21 August 2016, Lagos – The Minister of State for Petroleum Resources, Dr. Ibe Kachikwu, has blamed the continued fall in the value of the naira against other major currencies on the huge demand for foreign exchange (FOREX) necessitated by the importation of petroleum product into the country.
According to the Minister, the sector accounts for between 30 and 40 per cent of foreign exchange demand, adding that the failure of the nation’s refineries to work optimally has led to shortfall in the availability of FOREX in the open market.
Speaking in Lagos yesterday, the minister painted a gloomy picture of the industry stating that proactive steps are required to bring Nigeria’s economy back on positive track.
He said, “We need to get our refineries to work optimally, in order to inject funds back to the economy. It is taking us four to six months to go through processes and bureaucracy even to get investors coming into the country and inject money to take the refinery to the point where it is needed.
“And the reality is that unless we do that, the dream and hope I had was that in 2018 we should begin to reduce drastically petroleum product import into the country and in 2019, we should be able to exceed total local demand, and so, if we can take care of that alone, the pressure on foreign exchange will reduce. The foreign exchange conversion rate, the exchange rate will improve in favour of the Naira.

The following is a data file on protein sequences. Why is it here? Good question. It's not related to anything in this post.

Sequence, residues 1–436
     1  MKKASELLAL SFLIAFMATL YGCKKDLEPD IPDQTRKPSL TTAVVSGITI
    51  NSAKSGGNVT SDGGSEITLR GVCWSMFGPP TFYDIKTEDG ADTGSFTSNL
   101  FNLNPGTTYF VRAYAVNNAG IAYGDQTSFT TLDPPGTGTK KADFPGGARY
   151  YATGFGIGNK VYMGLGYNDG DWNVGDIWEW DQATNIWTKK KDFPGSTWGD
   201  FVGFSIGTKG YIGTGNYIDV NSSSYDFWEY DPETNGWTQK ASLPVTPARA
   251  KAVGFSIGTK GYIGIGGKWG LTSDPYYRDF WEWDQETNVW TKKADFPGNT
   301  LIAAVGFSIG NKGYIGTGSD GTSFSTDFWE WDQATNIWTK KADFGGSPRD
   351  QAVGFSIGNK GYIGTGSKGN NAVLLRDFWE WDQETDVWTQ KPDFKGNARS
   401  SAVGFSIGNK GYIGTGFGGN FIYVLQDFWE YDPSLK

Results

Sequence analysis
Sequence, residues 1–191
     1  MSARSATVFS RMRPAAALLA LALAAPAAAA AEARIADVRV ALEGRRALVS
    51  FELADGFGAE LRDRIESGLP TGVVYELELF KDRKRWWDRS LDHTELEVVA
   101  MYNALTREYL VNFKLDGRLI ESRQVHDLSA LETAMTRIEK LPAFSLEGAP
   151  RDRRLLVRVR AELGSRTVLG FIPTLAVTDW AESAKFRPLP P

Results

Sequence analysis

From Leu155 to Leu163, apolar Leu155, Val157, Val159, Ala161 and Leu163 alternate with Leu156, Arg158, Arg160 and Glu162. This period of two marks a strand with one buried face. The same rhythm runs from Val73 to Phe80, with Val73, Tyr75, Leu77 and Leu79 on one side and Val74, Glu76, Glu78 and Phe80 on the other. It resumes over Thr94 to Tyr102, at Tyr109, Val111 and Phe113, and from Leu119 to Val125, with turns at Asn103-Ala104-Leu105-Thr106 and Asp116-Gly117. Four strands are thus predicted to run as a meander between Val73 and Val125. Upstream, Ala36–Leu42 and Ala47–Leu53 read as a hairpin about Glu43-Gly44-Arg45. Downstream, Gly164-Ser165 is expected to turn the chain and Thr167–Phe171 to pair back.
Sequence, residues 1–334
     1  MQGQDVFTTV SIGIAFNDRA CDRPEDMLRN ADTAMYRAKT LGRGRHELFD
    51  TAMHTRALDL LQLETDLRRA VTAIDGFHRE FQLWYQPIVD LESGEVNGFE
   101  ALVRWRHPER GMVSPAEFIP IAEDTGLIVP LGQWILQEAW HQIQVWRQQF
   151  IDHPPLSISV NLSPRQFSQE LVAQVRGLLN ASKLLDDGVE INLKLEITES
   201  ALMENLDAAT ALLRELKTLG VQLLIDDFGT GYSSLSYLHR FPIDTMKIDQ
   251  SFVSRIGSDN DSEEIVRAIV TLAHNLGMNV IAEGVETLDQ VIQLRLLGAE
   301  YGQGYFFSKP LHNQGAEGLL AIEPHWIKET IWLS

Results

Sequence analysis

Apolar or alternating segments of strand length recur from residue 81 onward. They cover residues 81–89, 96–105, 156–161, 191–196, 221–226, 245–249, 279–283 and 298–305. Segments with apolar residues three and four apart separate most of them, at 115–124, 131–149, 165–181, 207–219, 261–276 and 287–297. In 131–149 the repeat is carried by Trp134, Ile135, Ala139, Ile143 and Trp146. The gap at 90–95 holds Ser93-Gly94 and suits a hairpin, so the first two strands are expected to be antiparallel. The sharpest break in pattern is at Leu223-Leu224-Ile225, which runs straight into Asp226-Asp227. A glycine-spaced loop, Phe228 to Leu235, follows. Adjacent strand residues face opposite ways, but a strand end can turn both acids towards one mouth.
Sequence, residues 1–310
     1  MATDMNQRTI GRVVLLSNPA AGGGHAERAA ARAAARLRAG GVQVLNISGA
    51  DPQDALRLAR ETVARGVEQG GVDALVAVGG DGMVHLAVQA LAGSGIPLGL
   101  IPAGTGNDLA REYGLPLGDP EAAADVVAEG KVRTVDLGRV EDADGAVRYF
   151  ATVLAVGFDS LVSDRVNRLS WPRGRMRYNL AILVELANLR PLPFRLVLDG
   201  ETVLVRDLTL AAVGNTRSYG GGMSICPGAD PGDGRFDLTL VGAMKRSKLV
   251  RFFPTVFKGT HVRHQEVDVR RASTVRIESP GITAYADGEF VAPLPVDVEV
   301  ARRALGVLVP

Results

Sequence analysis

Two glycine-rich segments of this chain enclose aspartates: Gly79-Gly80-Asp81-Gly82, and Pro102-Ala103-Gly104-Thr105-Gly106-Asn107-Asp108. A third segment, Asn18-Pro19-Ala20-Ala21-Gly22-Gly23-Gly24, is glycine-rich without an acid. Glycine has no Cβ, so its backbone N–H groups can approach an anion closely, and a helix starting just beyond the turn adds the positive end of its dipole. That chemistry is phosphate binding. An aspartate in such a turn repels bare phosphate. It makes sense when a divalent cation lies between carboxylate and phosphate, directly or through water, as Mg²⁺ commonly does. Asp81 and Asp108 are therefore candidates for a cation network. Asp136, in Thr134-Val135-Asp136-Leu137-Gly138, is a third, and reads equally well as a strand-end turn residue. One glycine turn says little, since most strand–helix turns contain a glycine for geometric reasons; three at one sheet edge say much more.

On vandalism and the impact on the economy, he noted that between January and June 2016, over 1,600 incidents of vandalism was recorded resulting in a loss of 109 million liters of petroleum products and 560,000 barrels of crude oil to refineries.
“An additional 1.1 million barrels of oil per day is required to be produced between now and year end to meet targeted annual production.”
He explained that compared to the 2.2 million barrels per day targeted in the budget, the country currently produces 1.56million barrel per day resulting in a shortfall of 700,000 barrels per day translating to 29 per cent fall.
He further added that for the desired diversification of the nation’s economy to be successful, “the government will still have to depend on the petroleum sector to provide the required funds needed for the growth.”
Speaking further on the sector’s performance in recent time, Kachikwu, stated that the industry is challenged by $6 billion Cash Call indebtedness accumulated over the last five years.
He noted that the dwindling finances at the disposal of government, it has been unable to meet its part of Cash Call requirement leading to inadequate financing in the industry, adding that no investment has occurred in the sector in the last five years.
The Minister attributed colossal loss of 60 percent decline of gas production, to the activities of militants in the Niger delta area. He revealed that between 2010 and 2015, the industry recorded over 3,000 incidents.
According to him about 850 million standard cubic feet of gas production has been shut in due to impact of crises and power outage exposure of 2,700 Mega Watts to 3,000 Mega Watts.